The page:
I’ve been doing a lot of reading recently. It’s nice to be so easily transported to someplace else these days. To not think about what’s happening in my life, but in the lives of characters instead. I’m in the middle of reading The Collected Short Stories of Amy Hempel, and I just love her keep-you-guessing style of writing. And since I’m reading short stories, I never have to get too invested in any one story. Perfection.
This post is about one of the short stories that really spoke to me called “The Man In Bogota.” It’s only about 3 pages long and I’m not going to spoil it for you (ok, maybe I will), but here’s the long and short of it. A woman tells a story about an old man in Bogota who was kidnapped. His kidnappers had to keep this out-of-shape, aging man alive in order to get their ransom. So he went on a diet and exercised—all at the hand of his captors.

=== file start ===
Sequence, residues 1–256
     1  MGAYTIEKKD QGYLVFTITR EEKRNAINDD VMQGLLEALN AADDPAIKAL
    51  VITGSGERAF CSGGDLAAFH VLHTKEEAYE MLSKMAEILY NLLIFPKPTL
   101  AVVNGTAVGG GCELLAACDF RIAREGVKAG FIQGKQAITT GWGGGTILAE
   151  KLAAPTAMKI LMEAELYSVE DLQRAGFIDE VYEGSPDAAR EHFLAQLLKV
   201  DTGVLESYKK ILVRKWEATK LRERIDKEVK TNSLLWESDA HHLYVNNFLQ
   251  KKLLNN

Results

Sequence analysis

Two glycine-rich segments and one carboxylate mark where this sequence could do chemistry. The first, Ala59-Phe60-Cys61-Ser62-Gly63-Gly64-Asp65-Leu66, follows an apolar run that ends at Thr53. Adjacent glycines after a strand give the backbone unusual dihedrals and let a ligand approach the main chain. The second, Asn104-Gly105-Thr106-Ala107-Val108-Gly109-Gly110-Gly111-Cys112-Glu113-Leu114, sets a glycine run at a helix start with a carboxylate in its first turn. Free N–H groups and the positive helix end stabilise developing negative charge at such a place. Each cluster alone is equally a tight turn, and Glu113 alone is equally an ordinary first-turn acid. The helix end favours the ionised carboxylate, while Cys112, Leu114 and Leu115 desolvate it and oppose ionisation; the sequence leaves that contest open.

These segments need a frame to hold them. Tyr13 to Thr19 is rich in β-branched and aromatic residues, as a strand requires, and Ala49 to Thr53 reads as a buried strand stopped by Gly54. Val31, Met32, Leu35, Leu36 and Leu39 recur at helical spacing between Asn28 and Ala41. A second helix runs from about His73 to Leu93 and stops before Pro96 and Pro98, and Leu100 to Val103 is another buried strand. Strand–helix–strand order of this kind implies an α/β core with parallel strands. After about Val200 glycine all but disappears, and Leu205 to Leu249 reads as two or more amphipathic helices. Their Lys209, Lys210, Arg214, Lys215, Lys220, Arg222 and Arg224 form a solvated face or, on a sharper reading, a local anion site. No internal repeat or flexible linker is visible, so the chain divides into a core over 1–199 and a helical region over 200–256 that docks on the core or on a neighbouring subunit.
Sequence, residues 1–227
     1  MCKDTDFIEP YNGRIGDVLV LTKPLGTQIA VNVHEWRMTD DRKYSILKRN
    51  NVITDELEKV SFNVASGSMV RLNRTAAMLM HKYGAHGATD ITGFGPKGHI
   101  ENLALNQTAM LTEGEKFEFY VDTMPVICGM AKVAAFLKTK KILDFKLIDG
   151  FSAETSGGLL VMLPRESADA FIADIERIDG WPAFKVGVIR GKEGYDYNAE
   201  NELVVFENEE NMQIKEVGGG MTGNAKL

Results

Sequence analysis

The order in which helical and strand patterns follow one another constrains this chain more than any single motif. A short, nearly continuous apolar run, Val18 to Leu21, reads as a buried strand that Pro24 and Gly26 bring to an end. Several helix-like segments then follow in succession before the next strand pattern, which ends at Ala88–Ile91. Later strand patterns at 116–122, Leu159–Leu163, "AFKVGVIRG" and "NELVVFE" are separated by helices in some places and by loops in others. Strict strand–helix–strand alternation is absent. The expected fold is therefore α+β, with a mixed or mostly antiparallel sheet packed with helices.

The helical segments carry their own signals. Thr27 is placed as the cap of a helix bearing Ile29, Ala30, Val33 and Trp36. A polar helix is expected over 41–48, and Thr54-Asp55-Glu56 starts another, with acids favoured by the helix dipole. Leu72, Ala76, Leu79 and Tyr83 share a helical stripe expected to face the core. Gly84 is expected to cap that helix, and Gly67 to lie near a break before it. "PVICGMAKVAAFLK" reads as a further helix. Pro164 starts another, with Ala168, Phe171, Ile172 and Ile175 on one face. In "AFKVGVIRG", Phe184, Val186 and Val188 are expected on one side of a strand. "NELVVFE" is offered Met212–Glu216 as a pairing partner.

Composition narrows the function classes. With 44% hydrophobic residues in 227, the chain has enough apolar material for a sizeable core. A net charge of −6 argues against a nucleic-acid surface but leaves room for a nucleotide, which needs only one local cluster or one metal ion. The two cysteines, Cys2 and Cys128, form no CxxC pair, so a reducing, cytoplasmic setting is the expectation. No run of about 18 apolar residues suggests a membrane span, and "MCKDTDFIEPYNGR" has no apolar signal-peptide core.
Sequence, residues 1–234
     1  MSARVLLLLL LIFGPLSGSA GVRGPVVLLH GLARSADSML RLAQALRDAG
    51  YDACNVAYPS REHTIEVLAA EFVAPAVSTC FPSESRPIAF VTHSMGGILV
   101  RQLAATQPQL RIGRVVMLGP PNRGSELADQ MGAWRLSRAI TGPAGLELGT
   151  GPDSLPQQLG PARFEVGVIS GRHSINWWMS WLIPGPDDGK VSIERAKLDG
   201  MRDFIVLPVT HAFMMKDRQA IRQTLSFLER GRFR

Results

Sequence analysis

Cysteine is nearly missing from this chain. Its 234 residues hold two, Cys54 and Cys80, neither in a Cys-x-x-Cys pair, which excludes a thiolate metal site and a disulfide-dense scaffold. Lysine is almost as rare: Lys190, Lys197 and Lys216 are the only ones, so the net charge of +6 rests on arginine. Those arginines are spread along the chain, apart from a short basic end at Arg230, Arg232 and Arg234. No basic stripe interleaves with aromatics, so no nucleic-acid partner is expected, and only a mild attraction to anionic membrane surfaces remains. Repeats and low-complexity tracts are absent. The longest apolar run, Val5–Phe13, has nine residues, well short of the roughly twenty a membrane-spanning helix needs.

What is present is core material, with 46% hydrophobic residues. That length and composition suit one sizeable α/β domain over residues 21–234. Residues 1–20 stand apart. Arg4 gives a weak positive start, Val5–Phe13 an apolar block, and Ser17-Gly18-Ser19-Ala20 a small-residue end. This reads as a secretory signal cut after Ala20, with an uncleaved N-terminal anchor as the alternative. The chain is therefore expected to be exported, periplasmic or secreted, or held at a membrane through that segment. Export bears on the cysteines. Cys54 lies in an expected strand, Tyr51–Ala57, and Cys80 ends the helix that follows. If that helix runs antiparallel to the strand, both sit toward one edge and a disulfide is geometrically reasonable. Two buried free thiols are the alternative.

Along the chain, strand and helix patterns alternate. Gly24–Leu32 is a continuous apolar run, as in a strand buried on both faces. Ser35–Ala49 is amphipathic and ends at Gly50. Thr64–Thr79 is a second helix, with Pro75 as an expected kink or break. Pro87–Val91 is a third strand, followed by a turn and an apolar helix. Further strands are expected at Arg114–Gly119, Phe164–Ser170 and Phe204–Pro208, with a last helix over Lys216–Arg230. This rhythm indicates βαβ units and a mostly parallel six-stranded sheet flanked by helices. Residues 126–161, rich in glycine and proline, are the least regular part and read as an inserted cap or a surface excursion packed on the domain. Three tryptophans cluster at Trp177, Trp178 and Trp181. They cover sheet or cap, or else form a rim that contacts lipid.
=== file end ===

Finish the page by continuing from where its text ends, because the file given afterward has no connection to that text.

Years later, his ransom was paid. The man was free. What was probably one of the worst things in his life was over. That should be relief enough. What’s better? He went to the doctor who said he’d never been in better shape. Any health problems he’d had were gone. His kidnappers inadvertently saved his life.
This most awful thing in this man’s life turned into something with a great outcome.
The worst, flipped on it’s head. It became the best. From last to first.
In this story it took years. But it happened.
We’re never quite sure why things happen. Me? I like to think they happen for a reason. I know they do. And right now, I’m learning to be OK with having to wait to see why they happened the way they did.